Joel Coen and his brother Ethan hop from film genre to film genre and make it their stylish, postmodern own. Two of the most brilliant guys making movies today, they bring independent films to mass audiences in ways that everyone seems to adore.
Blood Simple (1984) -- The only thing I can see "wrong" with this movie isn't exactly the movie's fault--the somewhat drab atmosphere permeating it (mostly the music, quality of film itself, a few of the actors), which can be blamed on the low-budget or even the date of release. That small thing aside, we have a pretty brilliant movie with a great little twisty story and wonderful ending, with now-trademark Coen Brothers stylistics throughout (especially their wonderful dolly shots).
Raising Arizona (1987) -- Probably still the funniest Coen Brothers movie, and maybe also Nicolas Cage's funniest performance, this movie is wonderful for being so over-the-top and silly, in every aspect--direction, characters, jokes, everything.
Miller's Crossing (1990) -- Maybe the best mob movie this side of The Godfather, the mafia is given the Coen Brothers superstyle and complex plot that makes multiple viewings not only essential but enjoyable. The "Danny Boy" sequence is one of the best in motion picture history.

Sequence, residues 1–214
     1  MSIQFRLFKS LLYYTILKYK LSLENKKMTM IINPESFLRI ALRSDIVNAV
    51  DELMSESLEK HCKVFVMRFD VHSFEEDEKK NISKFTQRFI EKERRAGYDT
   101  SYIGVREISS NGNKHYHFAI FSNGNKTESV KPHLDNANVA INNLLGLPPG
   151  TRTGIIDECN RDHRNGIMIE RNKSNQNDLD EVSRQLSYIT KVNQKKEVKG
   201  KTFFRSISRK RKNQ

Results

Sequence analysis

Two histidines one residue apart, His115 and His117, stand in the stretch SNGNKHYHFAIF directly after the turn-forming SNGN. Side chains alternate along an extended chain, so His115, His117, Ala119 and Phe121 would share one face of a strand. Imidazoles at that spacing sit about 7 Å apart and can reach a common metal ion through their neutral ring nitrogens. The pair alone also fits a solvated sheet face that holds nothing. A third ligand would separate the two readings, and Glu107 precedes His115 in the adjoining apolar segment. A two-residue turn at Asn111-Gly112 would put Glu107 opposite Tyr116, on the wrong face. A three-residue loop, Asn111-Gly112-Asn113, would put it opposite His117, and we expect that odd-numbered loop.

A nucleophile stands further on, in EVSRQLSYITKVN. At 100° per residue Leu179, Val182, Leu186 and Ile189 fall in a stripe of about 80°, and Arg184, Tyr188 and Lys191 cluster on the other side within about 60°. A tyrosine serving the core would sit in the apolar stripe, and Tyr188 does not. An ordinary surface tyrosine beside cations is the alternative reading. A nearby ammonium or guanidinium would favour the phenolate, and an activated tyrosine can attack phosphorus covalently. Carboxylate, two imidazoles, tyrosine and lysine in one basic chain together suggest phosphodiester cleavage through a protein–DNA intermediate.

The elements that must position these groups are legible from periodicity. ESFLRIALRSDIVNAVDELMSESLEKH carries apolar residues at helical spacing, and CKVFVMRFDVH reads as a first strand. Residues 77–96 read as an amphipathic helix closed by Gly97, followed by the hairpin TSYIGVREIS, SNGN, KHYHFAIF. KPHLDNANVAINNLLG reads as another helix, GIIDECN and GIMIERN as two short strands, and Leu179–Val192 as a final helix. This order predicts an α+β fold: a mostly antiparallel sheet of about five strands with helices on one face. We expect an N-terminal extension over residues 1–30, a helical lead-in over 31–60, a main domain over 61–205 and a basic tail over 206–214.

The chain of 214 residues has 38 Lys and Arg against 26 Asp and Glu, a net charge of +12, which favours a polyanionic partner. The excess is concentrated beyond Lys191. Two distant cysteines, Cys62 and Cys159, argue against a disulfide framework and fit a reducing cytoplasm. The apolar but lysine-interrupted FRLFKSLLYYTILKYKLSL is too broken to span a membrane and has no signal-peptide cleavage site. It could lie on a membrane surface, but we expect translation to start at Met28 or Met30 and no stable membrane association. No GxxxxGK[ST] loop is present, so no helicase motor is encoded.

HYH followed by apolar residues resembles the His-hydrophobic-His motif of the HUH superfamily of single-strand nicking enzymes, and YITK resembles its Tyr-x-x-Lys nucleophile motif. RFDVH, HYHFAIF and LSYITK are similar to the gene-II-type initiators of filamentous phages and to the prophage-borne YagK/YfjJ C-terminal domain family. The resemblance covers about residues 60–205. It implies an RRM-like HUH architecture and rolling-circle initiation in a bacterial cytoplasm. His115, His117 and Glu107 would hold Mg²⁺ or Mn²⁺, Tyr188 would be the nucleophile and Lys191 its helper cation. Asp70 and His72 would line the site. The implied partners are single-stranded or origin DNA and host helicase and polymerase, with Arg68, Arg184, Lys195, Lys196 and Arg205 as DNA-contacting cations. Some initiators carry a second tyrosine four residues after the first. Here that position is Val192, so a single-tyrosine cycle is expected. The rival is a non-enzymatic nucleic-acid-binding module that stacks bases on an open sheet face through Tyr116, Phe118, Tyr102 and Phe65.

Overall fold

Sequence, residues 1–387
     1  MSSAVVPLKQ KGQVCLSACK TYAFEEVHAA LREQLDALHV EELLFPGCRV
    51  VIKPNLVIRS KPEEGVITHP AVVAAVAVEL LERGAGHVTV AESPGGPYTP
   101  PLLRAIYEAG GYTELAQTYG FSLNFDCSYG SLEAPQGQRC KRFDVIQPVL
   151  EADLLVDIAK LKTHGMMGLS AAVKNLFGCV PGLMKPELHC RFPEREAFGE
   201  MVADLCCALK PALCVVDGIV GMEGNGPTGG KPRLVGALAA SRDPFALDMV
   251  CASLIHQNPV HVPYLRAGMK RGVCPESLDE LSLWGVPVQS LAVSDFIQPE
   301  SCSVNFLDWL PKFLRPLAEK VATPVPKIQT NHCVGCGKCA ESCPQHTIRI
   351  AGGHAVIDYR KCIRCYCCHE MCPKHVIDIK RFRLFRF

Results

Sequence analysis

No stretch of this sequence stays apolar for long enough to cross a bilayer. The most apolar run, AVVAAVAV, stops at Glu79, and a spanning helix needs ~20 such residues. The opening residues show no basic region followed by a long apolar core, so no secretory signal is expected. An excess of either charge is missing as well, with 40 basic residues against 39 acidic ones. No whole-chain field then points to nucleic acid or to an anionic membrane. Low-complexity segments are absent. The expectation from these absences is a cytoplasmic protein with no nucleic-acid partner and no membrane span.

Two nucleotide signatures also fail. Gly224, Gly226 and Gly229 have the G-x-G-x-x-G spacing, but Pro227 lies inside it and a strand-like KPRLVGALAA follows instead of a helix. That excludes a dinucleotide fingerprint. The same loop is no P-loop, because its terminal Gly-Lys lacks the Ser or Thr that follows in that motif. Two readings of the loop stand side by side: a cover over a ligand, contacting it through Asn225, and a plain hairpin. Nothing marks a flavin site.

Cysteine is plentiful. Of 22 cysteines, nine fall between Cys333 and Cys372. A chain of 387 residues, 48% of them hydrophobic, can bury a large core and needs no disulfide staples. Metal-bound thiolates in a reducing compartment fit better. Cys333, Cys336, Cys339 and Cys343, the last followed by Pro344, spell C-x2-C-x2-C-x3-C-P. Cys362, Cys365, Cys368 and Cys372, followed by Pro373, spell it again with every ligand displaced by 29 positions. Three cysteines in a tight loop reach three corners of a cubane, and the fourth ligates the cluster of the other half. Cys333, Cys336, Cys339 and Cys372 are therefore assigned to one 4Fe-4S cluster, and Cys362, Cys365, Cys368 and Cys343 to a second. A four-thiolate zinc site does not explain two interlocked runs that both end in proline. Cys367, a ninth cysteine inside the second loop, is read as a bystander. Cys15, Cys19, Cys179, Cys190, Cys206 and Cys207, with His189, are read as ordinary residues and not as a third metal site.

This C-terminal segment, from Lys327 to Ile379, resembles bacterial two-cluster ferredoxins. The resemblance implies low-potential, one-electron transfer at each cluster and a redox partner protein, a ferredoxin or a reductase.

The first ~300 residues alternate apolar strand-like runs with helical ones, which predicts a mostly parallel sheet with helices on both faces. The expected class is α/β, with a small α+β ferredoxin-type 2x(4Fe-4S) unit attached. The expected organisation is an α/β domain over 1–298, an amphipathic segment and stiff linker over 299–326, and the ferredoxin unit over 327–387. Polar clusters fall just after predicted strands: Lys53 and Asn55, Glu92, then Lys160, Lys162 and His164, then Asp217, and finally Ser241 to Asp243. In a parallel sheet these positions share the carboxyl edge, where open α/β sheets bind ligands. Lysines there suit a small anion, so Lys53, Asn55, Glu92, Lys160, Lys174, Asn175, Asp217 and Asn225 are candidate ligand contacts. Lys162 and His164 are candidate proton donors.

Barton Fink (1991) -- The best parody of writer films out there (and maybe the only one).
The Hudsucker Proxy (1994) -- Many don't like this movie, even Coen fans, but I do. I think it's as funny, stylish, and clever as anything else, with laugh-out-loud laughs all around and a perfect performance by Tim Robbins.
Fargo (1996) -- My favorite Coen Brothers movie. First of all, the movie is simultaneously horrific and hilarious, making it so you can watch it either way or both ways at the same time, which is an emotional and cerebral pleasure. Frances McDormand and the rest of the "Oh, ya?" Minnesotans (don't bother saying "They/We don't really talk like that!" since the Coens are from there themselves and know that: it would be as if myself, from Mississippi, made everyone talk like Rosco from The Dukes of Hazzard) steal our hearts; Steve Buschemi plays it like only he can; William H. Macey plays a perfect weasely character who you feel for with every squirm and "What's that behind your back!" escape (this was the movie that made me fall in love with Macey as an actor); everything about this movie works.